Indeed, Israel’s new law goes much farther than many other democracies in guaranteeing minority language rights, thanks to one provision according Arabic “special status” and another stating that nothing in the law “undermines the status enjoyed by the Arabic language in practice before this Basic Law came into effect.” The latter provision actually preserves Arabic’s status as an official language de facto. It may have been stupid not to preserve it de jure as well, but “stupid” isn’t the same as “undemocratic.”

All of the above explains why even the heads of the Israel Democracy Institute—a left-leaning organization usually harshly critical of the current government—said at a media briefing this week that the law “doesn’t change anything practically,” “won’t change how the country is run,” and is merely “symbolic and educational.”

The law was meant to solve a specific constitutional problem: The courts have frequently interpreted the Jewish half of “Jewish and democratic” at a “level of abstraction so high that it becomes identical to the state’s democratic nature,” as former Supreme Court President Aharon Barak famously said. Yet no definition of “Jewish” can be complete without recognizing that Judaism has particularist, as well as universal, aspects because it’s the religion of a particular people with a particular history, culture and traditions. By emphasizing some of those particularist aspects, the law is supposed to restore the intended balance between the Jewish and democratic components of Israel’s identity. But it doesn’t eliminate those democratic components, which are enshrined in numerous other Basic Laws, nor was it intended to do so.

I’m skeptical that the law will achieve its intended purpose, but I see no good reason why it shouldn’t exist in principle. Israel isn’t just a generic Western democracy; it’s also the world’s only Jewish state. And its constitution-in-the-making should reflect both halves of its complex identity.

This article was originally syndicated by JNS.org (www.jns.org) on August 1, 2018 © 2018 JNS.org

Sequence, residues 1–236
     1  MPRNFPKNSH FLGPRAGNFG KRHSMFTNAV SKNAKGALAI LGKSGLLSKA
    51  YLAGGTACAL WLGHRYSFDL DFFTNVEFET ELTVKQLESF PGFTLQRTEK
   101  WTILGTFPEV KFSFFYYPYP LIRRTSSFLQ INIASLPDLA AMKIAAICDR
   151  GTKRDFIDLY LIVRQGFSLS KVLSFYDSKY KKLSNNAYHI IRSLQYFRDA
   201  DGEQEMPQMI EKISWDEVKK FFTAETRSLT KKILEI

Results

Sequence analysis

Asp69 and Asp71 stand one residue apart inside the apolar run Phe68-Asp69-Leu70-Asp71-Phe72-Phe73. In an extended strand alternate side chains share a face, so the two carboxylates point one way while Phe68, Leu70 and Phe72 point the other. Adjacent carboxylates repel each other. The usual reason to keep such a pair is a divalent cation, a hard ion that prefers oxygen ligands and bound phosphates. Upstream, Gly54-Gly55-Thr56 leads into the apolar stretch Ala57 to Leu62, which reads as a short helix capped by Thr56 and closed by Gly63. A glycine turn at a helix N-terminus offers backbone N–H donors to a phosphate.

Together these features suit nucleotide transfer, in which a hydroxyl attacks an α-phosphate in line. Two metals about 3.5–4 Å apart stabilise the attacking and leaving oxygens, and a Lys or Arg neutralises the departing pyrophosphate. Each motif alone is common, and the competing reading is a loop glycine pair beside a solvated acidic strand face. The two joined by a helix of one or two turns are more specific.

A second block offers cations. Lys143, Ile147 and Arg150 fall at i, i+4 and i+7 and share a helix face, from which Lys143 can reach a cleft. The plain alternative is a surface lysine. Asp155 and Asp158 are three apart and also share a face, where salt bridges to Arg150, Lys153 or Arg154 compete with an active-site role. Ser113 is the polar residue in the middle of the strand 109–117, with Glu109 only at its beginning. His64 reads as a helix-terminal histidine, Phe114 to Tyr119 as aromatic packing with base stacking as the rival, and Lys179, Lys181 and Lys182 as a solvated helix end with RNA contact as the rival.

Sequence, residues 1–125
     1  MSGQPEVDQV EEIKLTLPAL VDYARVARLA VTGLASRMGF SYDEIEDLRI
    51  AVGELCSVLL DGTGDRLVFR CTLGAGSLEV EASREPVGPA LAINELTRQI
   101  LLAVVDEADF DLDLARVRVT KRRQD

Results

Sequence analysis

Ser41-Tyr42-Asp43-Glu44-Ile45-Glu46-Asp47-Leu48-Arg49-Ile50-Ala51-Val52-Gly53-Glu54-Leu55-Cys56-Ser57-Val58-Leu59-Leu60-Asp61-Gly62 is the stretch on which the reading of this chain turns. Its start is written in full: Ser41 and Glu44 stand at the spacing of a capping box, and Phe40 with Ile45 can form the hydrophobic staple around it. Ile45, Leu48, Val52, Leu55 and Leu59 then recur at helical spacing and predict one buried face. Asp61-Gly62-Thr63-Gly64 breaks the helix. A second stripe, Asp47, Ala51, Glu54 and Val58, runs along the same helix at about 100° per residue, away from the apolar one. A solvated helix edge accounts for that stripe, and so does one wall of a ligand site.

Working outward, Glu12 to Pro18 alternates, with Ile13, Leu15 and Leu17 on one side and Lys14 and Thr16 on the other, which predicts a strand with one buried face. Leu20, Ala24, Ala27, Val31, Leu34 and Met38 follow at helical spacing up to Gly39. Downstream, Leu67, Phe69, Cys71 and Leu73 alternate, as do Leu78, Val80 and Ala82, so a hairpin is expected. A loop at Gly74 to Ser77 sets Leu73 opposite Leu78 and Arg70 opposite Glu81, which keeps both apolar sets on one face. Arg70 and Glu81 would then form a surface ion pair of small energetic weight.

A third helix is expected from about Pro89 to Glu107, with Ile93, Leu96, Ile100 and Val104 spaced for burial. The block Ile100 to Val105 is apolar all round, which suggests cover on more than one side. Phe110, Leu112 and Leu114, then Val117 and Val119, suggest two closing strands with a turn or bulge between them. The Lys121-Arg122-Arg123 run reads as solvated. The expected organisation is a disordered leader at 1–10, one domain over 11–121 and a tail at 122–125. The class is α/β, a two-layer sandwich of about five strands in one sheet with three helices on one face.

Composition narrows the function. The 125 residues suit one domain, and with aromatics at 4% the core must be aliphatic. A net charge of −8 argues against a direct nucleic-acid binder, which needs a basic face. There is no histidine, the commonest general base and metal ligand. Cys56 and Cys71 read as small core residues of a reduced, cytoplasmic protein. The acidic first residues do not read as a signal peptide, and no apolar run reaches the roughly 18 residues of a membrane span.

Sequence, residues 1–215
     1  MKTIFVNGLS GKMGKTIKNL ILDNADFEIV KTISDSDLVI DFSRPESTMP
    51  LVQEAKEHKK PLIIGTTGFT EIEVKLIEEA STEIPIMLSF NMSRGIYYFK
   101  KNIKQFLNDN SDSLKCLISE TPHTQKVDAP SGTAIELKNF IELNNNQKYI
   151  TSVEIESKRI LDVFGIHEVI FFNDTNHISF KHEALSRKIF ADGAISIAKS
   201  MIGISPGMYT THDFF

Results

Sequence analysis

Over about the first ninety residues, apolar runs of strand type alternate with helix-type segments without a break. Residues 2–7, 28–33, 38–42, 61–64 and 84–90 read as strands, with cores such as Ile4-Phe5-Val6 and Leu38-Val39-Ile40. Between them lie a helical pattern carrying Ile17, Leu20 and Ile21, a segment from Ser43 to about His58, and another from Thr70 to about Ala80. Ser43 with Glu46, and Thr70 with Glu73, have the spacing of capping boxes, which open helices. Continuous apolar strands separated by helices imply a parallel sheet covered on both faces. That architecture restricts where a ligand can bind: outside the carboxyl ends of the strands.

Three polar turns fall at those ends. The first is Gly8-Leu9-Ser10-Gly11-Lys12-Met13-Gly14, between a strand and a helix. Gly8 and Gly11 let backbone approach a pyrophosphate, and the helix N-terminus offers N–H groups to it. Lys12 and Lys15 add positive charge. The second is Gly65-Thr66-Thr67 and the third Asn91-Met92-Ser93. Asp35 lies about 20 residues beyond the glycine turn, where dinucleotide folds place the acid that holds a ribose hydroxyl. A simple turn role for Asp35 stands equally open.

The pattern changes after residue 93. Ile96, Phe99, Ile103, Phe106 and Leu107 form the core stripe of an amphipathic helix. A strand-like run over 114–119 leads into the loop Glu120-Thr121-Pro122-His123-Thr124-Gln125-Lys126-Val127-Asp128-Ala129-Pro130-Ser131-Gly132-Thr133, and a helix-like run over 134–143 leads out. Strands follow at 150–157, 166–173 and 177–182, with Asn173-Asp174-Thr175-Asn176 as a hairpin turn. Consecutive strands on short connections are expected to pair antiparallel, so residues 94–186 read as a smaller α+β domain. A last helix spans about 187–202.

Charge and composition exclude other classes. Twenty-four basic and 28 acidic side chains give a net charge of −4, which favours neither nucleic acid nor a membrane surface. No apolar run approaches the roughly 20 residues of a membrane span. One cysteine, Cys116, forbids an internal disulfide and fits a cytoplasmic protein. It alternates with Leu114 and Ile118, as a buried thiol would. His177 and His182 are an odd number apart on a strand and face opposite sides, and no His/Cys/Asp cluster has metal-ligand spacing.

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Israel’s constitutional crisis has been postponed, not resolved

After years of leftists crying wolf about democracy being endangered, Israel finally experienced a real constitutional crisis last week. That crisis was temporarily frozen by the decision to form a unity government, but it will come roaring back once the coronavirus crisis has passed.

It began with Knesset Speaker Yuli Edelstein’s refusal to let the newly elected Knesset vote to replace him as speaker and culminated in two interventions by the High Court of Justice. I’m one of very few people on my side of the political spectrum who considers the court’s initial intervention justifiable. But its second was an unprecedented usurpation of the prerogatives of another branch of government, in flagrant violation of legislation that the court itself deems constitutional.

Edelstein’s refusal, despite its terrible optics, stemmed from a genuine constitutional concern, and was consequently backed even by Knesset legal adviser Eyal Yinon, who had opposed Edelstein many times before and would do so again later in this saga. The problem was that neither political bloc could form a government on its own, yet the proposed new speaker came from the faction of Benny Gantz’s Blue and White Party that adamantly opposed a unity government. Thus whether a unity government was formed or Prime Minister Benjamin Netanyahu’s caretaker government continued, the new speaker would be in the opposition.

But as Yinon told the court, speakers have always come from the governing coalition because an opposition speaker can effectively stymie all government work. And once elected, he would be virtually impossible to oust, since 90 of the Knesset’s 120 members must vote to do so. An opposition speaker would thus “hurt democracy,” warned Yinon. “We’re planting a bug in the system, and this, too, undermines our constitutional fabric.” That’s why Edelstein wanted to wait, as Knesset bylaws permit, until a government was formed and could choose its own speaker.

Yet despite this genuine and serious concern, the fact remains that a newly elected majority was being barred from exercising its power. Moreover, it had no parliamentary way of solving the problem because only the speaker can convene parliament and schedule a vote. Thus if you believe majorities should be allowed to govern, the court was right to intervene by ordering Edelstein to hold the vote.